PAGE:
Resource Allocation and Planning in Single and Multi-Project Environments

Resource Allocation and Planning in Single and Multi-Project Environments

Michael A. Chilton (Kansas State University, Manhattan, KS, USA)
DOI: 10.4018/IJSODIT.2016010102
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IT projects often fail to be completed on time, on budget, within scope, with the required functionality and error free. The reasons for project failure are numerous and have been well studied and identified in the literature; however, most studies assume that project managers are completely devoted to the execution of the project and disregard any time wasting efforts that keep them from these duties. One such duty is the assignment and tracking of personnel to tasks within a project. As workers become over-allocated, the PM must redirect his or her efforts to balancing the overall schedule. This task is often performed manually causing PMs to spend much of their time attending to the details of the schedule instead of dealing with the issues critical to the project. The author describes here software that optimizes the schedule when resources are limited and describe its use in both single and multiple project environments.
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Software applications are developed by following a general project management paradigm specified by the Project Management Institute (PMI) and further refined by academics and practitioners within the MIS discipline (Lagerstrӧm, et al., 2012; Dennis, et al., 2012). This approach is used to improve the chances of success and to protect a firm’s investment in the development process (Marchewka, 2009). Despite this reliance on a highly structured methodology, it is often the case that IT projects fail, sometimes to the tune of hundreds of millions of dollars (cf. e.g., Nelson, 2007). While there are a number of reasons why IT projects fail, most failures are the result of people and process problems (Kappelman, et al., 2006; Nelson, 2007). At the top of the causal chain for these problems is project scheduling (Ropponen & Lyytinen, 2000). Scheduling involves assigning resources to sets of tasks that must be accomplished in a specific sequence. The number of resources that can be assigned is limited by the number available and this constraint complicates the scheduling process. This has come to be known as the Resource-Constrained Project Scheduling Problem (RCPSP) and has been the subject of a number of studies in the past 40 years (cf., e.g., Demeulemeester & Herroelen, 1997).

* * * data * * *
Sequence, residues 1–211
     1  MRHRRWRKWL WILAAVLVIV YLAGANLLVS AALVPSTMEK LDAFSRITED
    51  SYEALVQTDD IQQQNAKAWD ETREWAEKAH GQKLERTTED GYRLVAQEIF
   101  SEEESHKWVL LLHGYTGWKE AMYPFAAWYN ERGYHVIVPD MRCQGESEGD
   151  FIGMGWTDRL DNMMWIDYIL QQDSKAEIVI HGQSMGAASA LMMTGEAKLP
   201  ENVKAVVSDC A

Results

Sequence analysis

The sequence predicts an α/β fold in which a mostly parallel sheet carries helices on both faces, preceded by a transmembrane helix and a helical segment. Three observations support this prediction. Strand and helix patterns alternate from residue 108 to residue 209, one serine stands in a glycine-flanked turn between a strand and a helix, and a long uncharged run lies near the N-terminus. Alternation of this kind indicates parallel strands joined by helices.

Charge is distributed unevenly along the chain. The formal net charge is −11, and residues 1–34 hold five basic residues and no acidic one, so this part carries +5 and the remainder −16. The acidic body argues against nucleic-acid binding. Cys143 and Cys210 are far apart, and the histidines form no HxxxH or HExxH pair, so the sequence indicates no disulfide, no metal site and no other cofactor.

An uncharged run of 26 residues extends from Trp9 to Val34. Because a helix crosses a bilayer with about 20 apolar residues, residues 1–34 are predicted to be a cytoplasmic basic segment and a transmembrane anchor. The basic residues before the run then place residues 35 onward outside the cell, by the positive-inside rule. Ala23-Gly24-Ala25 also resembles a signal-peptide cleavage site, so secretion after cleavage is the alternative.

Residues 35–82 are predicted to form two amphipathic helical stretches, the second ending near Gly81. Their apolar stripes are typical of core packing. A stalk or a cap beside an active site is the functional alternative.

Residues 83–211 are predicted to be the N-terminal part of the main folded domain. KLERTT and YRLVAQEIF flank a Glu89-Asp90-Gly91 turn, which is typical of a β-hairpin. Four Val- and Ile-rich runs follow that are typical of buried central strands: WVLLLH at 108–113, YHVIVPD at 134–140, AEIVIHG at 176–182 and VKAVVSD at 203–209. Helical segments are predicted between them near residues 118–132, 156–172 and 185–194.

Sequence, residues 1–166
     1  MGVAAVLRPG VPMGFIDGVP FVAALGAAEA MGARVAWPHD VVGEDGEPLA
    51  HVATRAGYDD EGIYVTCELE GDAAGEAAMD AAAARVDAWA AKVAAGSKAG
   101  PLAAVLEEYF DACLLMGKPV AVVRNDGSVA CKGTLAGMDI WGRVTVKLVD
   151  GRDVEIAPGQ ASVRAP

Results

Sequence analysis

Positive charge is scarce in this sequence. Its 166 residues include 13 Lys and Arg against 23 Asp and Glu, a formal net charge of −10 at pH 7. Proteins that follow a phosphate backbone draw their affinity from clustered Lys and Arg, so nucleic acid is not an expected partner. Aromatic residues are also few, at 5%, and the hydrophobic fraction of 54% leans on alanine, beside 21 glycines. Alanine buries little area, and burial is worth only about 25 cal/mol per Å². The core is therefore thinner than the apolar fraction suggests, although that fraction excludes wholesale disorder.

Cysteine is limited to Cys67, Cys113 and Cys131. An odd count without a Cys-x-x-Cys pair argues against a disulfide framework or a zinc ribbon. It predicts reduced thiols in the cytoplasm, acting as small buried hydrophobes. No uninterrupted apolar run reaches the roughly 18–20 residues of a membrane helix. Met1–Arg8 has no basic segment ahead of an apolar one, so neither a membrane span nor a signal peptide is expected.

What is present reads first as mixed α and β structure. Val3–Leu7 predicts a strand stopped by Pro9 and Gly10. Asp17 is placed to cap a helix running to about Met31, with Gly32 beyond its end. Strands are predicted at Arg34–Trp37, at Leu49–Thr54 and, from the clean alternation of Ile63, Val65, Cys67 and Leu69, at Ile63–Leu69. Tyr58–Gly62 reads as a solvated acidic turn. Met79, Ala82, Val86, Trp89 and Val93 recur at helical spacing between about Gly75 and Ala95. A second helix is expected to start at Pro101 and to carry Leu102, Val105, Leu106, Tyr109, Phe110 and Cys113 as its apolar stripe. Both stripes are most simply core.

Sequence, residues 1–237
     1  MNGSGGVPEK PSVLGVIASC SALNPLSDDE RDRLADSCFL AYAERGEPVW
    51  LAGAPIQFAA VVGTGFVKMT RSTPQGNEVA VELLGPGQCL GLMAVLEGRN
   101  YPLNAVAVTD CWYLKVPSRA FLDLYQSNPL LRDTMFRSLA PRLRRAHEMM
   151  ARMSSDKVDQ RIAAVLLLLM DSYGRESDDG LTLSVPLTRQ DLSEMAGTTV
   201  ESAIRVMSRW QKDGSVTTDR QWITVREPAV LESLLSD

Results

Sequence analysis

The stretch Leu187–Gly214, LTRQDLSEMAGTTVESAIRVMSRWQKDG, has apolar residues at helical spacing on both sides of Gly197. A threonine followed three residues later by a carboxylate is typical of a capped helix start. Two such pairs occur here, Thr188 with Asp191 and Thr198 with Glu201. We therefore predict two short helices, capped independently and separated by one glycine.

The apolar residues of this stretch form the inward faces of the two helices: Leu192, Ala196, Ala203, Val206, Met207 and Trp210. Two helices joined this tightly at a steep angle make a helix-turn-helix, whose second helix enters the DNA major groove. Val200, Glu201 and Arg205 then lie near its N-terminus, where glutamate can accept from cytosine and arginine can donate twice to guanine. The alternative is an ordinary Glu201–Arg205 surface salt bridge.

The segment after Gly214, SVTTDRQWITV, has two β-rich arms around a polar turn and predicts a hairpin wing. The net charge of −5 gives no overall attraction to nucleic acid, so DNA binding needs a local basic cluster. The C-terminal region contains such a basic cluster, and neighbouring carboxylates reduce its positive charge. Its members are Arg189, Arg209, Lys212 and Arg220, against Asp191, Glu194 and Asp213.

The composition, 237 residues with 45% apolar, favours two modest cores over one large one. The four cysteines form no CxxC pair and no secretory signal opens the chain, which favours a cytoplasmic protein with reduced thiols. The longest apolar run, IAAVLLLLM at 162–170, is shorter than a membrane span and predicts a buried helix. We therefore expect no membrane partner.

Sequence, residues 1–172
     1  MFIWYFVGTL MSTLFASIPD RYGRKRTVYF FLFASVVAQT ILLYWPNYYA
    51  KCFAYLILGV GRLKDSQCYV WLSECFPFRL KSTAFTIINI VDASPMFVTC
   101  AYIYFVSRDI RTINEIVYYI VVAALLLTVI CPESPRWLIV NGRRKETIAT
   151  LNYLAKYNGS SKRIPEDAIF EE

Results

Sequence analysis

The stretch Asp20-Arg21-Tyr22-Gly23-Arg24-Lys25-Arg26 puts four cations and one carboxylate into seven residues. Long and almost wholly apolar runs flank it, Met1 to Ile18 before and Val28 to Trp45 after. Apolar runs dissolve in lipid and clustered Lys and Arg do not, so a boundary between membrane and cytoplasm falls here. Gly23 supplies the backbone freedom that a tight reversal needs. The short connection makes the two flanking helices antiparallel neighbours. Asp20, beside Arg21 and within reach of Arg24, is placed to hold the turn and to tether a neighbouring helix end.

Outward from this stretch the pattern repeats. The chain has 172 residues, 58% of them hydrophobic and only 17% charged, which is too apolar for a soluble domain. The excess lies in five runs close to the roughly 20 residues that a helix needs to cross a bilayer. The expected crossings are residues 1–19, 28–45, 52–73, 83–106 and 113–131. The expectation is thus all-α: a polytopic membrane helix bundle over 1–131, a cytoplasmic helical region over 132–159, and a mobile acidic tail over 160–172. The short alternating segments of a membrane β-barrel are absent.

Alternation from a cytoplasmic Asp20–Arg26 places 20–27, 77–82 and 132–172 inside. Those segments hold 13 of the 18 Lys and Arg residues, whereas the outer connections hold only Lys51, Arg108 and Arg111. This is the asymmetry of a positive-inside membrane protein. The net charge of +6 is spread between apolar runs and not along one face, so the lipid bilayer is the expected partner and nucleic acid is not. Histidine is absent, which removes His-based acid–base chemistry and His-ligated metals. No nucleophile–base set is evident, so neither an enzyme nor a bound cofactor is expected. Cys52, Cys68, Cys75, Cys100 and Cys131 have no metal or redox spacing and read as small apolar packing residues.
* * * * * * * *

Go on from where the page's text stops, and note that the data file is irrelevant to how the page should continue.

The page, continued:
IT Projects are considered failures if they don’t work, don’t work correctly, are significantly over budget or are significantly late. In recent years despite extensive research and sophisticated project management software, projects continue to fail due to schedule and budget overruns (Herroelen & Leus, 2005). Data from the Standish Group’s Chaos report shows that the average percentage of projects that are considered as either a failure or challenged to be 71% from 2011 through 2015 (Standish Group, 2015). Such abysmal performance has prompted additional research into the reasons for both failure (cf. e.g., Kappleman, et al., 2006) and success (cf. Herroelen & Leus, 2005). Successful projects have good user involvement, support from managers, clear requirements and proper planning, and there is general agreement in the literature that technical problems are almost never the cause of IT project failure (Kappleman, et al., 2006). The clear majority of unsuccessful projects occurs because of either process or people mistakes (Nelson, 2007). In fact, Nelson (2007) identified poor estimation and/or scheduling as the primary reason for failure in 54% of the 99 projects in his study.

That poor scheduling ranks so highly among the causes of failure seems to be an odd result for two reasons. First, information technology development is all about creating leading edge software. One would therefore think that IT workers could apply this technology to their own discipline and use it to correct such problems with scheduling, yet there doesn’t seem to be such an ongoing effort. In defense of the IT discipline, however, project management is more than applying algorithms in a computer program, and so the fact that IT has not come up with effective solutions is not so surprising. Second, the amount of research that has been devoted to devising optimal scheduling methods has been vast and great strides have been made; however much of that work has not yet made its way into practice (Herroelen, 2005). The intractability of the problem seems to be what draws researchers, but on the other hand it is what continues to elude practitioners.

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